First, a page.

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average writing
skilled art
historical bonus 4
total score 9
chicago mirror 1 _ chicago mirror 2 _ not available
Chicago Mirror #1
Chicago Mirror #2
Chicago Mirror #3
Chicago Mirror

1967-1968 / Jay Lynch - Mirror Publishing
Six months before there was a Zap Comix, there was the Chicago Mirror, a counterculture magazine which Jay Lynch launched in the autumn of 1967. Lynch was both editor and publisher and describes the magazine as a "satire mag for hippies" except that by 1967 the hippies were so serious about themselves that they seemed "to totally lack a sense of humor."

The series featured Lynch, Skip Williamson, and bits by Gilbert Shelton and even Wallace Wood. The Chicago Mirror printed two issues before Lynch discovered Zap Comix #1. Excited by Crumb's groundbreaking comic book, Lynch wisely folded the Chicago Mirror after its third issue and relaunched it as Bijou Funnies.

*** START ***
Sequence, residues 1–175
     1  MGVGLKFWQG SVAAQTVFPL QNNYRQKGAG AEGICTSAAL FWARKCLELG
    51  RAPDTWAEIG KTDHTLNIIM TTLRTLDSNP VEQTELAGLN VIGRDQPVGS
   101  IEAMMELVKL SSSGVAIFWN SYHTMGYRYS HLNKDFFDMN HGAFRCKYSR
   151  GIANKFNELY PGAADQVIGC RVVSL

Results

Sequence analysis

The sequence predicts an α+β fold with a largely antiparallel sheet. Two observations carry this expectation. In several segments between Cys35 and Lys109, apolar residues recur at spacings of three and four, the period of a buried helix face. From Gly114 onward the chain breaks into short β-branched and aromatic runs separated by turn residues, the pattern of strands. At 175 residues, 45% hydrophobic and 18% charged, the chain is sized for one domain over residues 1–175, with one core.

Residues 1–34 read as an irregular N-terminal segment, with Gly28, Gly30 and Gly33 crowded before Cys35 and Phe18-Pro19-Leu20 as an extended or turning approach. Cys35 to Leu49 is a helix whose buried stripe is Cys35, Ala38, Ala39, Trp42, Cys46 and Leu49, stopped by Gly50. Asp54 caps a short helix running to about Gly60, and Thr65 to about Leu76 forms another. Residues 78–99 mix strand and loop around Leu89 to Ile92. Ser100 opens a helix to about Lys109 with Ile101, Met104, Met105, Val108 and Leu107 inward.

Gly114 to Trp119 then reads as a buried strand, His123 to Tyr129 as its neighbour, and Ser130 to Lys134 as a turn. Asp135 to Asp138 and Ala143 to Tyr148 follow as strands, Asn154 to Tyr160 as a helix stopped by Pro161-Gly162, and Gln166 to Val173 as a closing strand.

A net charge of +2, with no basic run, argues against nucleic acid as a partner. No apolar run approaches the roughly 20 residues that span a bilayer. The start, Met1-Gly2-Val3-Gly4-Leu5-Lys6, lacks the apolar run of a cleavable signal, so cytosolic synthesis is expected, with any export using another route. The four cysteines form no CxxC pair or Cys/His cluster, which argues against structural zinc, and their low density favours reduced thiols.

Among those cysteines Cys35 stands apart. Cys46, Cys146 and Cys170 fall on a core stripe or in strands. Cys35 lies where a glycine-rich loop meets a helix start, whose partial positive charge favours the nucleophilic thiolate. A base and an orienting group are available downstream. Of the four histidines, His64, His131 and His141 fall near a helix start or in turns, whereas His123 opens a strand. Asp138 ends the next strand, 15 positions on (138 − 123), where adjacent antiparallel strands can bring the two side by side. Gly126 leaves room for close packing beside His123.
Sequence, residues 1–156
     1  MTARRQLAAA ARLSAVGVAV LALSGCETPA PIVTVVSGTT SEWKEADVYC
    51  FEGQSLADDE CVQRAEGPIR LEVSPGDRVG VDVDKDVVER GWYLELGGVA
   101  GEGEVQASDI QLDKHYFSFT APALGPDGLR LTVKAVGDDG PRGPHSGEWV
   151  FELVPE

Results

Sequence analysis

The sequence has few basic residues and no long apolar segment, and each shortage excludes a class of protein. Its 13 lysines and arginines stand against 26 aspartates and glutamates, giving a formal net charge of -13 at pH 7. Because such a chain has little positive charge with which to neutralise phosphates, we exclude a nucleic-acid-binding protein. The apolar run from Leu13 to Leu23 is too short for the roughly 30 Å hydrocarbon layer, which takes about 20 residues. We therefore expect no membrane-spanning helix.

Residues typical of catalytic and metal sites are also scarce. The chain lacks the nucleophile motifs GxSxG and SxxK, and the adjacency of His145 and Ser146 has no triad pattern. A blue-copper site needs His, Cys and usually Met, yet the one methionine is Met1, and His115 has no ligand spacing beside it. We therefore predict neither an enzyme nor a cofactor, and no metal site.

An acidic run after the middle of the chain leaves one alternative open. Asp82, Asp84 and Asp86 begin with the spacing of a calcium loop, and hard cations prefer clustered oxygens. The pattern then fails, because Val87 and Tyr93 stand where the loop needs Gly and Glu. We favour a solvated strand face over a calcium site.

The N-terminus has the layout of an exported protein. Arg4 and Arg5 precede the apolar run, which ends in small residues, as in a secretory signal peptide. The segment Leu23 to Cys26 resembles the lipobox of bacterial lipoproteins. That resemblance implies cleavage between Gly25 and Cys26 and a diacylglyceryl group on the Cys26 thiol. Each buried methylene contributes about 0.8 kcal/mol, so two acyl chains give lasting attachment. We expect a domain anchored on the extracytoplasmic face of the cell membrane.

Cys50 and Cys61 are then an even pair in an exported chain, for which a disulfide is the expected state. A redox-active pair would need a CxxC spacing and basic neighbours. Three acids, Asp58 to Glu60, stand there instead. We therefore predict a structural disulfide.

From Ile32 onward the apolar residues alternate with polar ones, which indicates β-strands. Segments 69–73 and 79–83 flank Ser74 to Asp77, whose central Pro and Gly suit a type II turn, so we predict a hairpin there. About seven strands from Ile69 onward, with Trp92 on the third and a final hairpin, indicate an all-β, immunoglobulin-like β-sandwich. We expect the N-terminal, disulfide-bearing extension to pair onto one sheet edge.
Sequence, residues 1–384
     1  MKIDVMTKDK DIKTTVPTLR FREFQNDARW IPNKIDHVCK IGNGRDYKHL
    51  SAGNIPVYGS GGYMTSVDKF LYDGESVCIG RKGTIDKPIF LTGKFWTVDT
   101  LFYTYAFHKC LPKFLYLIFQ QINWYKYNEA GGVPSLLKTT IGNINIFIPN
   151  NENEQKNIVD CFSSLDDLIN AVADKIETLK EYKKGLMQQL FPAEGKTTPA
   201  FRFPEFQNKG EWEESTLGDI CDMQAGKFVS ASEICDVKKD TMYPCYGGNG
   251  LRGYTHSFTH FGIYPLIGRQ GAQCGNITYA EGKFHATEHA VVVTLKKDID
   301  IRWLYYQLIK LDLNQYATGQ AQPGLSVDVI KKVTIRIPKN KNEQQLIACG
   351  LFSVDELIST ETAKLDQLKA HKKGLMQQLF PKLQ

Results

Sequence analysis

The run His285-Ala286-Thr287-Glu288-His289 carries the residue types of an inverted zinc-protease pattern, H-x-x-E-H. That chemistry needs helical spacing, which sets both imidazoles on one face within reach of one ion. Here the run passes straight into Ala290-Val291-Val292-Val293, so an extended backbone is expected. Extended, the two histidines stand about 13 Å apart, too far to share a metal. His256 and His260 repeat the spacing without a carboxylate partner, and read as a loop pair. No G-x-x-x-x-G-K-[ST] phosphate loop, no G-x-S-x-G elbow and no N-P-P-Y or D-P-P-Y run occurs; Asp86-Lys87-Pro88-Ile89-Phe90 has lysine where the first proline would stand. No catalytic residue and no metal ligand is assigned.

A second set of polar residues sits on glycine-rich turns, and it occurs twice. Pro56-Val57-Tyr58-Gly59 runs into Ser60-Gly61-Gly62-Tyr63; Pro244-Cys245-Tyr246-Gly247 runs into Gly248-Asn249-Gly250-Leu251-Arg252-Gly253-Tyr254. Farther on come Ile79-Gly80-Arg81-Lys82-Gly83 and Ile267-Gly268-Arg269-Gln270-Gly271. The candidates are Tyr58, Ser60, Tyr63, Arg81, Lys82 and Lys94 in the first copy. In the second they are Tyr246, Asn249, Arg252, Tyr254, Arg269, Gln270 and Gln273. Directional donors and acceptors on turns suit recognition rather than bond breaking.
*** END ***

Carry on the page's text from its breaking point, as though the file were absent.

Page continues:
With its mixture of counterculture articles and comics, the Chicago Mirror was relatively tame stuff compared to Zap, but the comics it did have were quite underground in nature. With all the literary contributions, the Mirror kind of feels like The Realist, except expressly designed for blue-collar iconoclasts, whether they be artists, poets or hippies.

For Lynch, publishing the Mirror was merely the continuation of a career trajectory that started in the '50s with him always getting mad about stuff, but he grew into a realist (granted, with a wild streak), but then he ended up very sick and literally kind of cracked up—to the point where he needed help before he was a completely wacky package. Ironically, he still ended up like garbage. (yup, that's an inside joke for Lynch fanatics).

In all seriousness, the Chicago Mirror was one of the most important publications to appear in the early years the underground press, and it was conceived and published by one of the most important pioneer in underground comics. Well worth tracking down. Except for the third issue. That one's a bitch.